Kevin Belmonte, Defiant Joy: The Remarkable Life & Impact of G. K. Chesterton, from Chapter 21


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What I Saw In America

For years [Chesterton] forbore visiting America, but [finally] he decided to cross the Atlantic, in order, he announced, to “lose my impressions of the United States.”
NEW YORK TIMES (1936)

Inclement weather aside, the Chestertons seemed to have relished the prospect of this, their first trip to America. When Maisie Ward was researching her biography of Chesterton, she discovered that “Frances kept clippings of almost all their interviews” during their travels in the United States. G. K., for his part, seems to have looked on the first days following their arrival with a mixture of amusement and curiosity.

Kevin Belmonte, Defiant Joy: The Remarkable Life & Impact of G. K. Chesterton, from Chapter 20


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The Toast of London

Though the knight-errant who seeks for giants and cuts their heads off is out of date, nothing can be more modern than Sir Chesterton of Overroads, who seeks for convictions and turns them inside out.

—GEORGE BERNARD SHAW (1916)

It is one of Mr. Chesterton’s jolly maxims that a man should be able to laugh at himself, poke fun at himself, enjoy his own absurdity. It is an excellent test of mental health. Man is a tragi-comedian. He should see himself the quaint “forked radish” that he is, fantastic as well as wonderful. He should see his mind ready to do battle and die, if need be, for an idea, but equally ready to get into a passion because his egg is boiled too hard. He should, in a word, see himself not as a hero, but as a man of strange virtues and stranger follies, a figure to move him to alternate admiration and laughter.

—ALFRED GEORGE GARDINER (1914)

In April 1914 A. G. Gardiner, editor of the Daily News and an accomplished essayist, published a new edition of his book of character portraits, a collection called Prophets, Priests, and Kings. As its title indicated, people from all three groups were the subject of profiles—including King Edward VII, Kaiser Wilhelm, David Lloyd George, Winston Churchill, John Singer Sargent, George Bernard Shaw, Rudyard Kipling, Thomas Hardy, General William Booth of the Salvation Army, and Florence Nightingale. All were leading figures in the worlds of politics, the visual arts, literature, and philanthropy. Chesterton was numbered among them, and the resulting prose portrait revealed the man who was G. K. C. at the height of his powers and celebrity.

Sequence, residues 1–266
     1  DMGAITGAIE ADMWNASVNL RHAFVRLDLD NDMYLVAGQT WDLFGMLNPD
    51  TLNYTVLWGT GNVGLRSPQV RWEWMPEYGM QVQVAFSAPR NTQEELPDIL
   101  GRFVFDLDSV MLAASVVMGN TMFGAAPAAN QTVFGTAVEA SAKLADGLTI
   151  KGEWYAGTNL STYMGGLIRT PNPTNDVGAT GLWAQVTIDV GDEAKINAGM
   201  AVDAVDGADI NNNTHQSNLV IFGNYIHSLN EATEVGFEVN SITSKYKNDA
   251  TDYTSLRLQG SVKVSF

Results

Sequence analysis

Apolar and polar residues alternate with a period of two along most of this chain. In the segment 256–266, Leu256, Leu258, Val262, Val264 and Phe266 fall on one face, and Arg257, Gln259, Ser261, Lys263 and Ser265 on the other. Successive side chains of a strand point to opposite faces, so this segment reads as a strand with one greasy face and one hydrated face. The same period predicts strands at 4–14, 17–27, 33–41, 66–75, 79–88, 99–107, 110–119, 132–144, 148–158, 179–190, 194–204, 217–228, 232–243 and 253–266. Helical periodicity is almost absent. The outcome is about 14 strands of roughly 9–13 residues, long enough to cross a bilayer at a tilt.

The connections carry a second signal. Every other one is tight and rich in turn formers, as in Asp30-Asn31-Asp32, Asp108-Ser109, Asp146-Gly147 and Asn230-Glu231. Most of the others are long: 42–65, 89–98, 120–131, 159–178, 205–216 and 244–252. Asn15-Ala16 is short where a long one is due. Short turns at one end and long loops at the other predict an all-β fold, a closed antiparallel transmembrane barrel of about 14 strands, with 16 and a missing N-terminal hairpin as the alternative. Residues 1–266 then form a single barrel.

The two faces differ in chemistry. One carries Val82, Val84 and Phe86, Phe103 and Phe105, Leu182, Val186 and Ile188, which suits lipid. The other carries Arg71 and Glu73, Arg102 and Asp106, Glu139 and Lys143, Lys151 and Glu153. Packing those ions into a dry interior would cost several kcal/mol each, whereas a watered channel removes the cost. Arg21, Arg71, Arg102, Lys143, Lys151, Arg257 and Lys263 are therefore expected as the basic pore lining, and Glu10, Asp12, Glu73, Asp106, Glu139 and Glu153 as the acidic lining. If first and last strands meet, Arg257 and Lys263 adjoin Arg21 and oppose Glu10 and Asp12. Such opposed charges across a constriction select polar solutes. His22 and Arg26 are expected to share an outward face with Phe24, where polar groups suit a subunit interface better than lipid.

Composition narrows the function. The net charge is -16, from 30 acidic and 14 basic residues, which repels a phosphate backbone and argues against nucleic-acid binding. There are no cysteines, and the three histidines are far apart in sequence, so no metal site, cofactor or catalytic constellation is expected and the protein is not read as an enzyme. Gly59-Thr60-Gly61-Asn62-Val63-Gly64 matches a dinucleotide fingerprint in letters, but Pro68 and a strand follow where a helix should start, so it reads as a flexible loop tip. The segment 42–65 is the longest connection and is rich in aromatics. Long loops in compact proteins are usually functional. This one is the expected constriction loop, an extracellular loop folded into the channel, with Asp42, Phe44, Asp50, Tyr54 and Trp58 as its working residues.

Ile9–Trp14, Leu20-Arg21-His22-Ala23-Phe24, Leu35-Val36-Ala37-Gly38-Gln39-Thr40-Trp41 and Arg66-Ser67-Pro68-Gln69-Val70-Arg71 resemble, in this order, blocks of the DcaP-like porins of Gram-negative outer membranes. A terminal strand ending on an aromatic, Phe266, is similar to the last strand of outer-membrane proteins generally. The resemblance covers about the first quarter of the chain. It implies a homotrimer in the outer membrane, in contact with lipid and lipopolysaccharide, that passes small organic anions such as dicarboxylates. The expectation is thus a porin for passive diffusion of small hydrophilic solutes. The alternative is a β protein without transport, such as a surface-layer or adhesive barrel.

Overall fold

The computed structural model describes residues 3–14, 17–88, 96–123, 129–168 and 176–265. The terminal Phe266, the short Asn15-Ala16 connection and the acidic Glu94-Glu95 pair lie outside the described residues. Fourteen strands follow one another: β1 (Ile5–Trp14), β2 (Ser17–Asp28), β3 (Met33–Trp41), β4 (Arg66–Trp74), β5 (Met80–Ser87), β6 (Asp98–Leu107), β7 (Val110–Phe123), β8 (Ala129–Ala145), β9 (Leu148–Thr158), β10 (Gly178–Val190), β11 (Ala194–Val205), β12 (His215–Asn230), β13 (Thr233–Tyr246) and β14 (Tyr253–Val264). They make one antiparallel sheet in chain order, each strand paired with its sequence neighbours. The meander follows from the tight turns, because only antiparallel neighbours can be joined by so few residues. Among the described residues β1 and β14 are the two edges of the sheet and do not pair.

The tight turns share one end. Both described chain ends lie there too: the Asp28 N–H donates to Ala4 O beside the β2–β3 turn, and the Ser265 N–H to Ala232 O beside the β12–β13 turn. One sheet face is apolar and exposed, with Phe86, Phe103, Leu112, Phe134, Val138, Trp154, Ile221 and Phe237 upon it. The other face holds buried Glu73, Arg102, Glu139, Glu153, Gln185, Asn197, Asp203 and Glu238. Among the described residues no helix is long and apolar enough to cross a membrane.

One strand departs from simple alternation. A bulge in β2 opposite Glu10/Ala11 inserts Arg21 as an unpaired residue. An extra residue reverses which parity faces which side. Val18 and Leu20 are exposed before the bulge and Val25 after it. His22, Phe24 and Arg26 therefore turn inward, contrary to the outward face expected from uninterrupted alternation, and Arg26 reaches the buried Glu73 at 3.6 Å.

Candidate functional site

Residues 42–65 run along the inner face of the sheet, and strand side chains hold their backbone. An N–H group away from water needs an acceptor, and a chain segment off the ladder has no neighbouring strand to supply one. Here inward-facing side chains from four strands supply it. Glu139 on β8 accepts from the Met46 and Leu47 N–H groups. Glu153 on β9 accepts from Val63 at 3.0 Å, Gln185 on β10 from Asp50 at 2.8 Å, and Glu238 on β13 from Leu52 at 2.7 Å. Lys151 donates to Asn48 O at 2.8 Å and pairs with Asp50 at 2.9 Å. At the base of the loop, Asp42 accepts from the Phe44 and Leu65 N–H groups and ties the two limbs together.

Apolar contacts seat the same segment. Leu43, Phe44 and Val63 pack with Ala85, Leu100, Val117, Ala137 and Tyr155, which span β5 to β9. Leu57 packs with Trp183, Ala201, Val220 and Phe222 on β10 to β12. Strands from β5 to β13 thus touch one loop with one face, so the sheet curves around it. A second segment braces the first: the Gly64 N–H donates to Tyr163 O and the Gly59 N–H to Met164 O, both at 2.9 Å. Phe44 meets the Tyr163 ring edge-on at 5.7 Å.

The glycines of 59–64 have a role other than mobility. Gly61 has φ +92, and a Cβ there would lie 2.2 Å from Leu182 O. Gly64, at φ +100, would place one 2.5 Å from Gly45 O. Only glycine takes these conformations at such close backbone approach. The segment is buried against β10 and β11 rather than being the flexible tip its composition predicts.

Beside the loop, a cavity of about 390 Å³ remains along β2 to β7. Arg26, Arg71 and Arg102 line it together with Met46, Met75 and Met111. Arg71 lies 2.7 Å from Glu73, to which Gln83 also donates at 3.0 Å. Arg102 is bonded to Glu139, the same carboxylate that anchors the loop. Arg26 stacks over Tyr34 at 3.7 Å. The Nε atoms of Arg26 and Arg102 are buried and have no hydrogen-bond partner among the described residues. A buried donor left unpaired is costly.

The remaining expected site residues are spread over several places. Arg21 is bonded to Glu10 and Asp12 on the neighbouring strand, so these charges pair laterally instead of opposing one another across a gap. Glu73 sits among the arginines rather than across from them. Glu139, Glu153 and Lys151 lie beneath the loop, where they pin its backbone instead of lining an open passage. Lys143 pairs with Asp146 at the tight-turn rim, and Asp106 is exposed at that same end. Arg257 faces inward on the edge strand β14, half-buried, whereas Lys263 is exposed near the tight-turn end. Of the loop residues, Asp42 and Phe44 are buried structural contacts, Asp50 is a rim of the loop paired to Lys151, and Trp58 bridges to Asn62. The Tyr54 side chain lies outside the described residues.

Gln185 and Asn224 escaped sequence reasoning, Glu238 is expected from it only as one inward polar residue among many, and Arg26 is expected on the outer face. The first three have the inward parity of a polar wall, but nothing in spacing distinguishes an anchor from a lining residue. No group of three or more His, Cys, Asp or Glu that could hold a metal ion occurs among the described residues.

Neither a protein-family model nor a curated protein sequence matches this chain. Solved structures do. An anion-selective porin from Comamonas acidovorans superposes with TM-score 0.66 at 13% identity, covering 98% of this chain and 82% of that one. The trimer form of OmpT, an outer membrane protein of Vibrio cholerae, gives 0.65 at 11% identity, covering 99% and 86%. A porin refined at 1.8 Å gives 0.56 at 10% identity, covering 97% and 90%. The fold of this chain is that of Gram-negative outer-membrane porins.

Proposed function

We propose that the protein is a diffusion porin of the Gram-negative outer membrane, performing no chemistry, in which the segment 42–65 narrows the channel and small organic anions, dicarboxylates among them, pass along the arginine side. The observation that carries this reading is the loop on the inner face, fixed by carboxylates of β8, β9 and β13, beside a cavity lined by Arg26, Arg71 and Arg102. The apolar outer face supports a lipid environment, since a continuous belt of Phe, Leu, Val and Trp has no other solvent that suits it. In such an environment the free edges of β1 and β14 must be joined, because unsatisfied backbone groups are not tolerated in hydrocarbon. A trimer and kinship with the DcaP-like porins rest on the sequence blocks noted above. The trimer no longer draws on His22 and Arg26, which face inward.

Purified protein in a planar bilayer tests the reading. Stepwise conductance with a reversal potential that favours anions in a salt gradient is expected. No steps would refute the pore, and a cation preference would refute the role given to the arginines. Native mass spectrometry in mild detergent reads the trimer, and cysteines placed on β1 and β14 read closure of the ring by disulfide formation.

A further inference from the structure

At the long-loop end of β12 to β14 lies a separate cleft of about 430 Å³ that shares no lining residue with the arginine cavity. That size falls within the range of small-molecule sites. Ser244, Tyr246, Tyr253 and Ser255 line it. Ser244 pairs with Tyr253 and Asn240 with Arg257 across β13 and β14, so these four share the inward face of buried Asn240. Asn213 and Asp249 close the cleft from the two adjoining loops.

Kevin Belmonte, Defiant Joy: The Remarkable Life & Impact of G. K. Chesterton, from Chapter 18


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Mr. Shaw’s Insistent Demand

When one breathes Irish air, one becomes a practical man. In England I used to say what a pity it was you did not write a play.

—GEORGE BERNARD SHAW, 1909

Chesterton’s first play, Magic: A Fantastic Comedy in a Prelude and Three Acts, caused a considerable stir when it was first staged in 1913. Despite a mixed reaction from critics, it was in many ways an auspicious debut.

Kevin Belmonte, Defiant Joy: The Remarkable Life & Impact of G. K. Chesterton, from Chapter 17


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The Great Ballad

I tell you naught for your comfort,
Yea, naught for your desire,
Save that the sky grows darker yet
And the sea rises higher
Night shall be thrice night over you,
And heaven an iron cope.
Do you have joy without a cause,
Yea, faith without a hope?

Chesterton had been dead for nearly five years when these lines from his epic poem, The Ballad of the White Horse, appeared in the Times of London under the heading “Sursum Corda” (lift up your hearts). Devastating news had reached England of the fall of the island of Crete to a combined force of German and Italian troops. More than twelve thousand British Commonwealth soldiers were now prisoners of war, and the nation was trying to come to terms with this, one of the darkest moments of World War II.

Kevin Belmonte, Defiant Joy: The Remarkable Life & Impact of G. K. Chesterton, from Chapter 16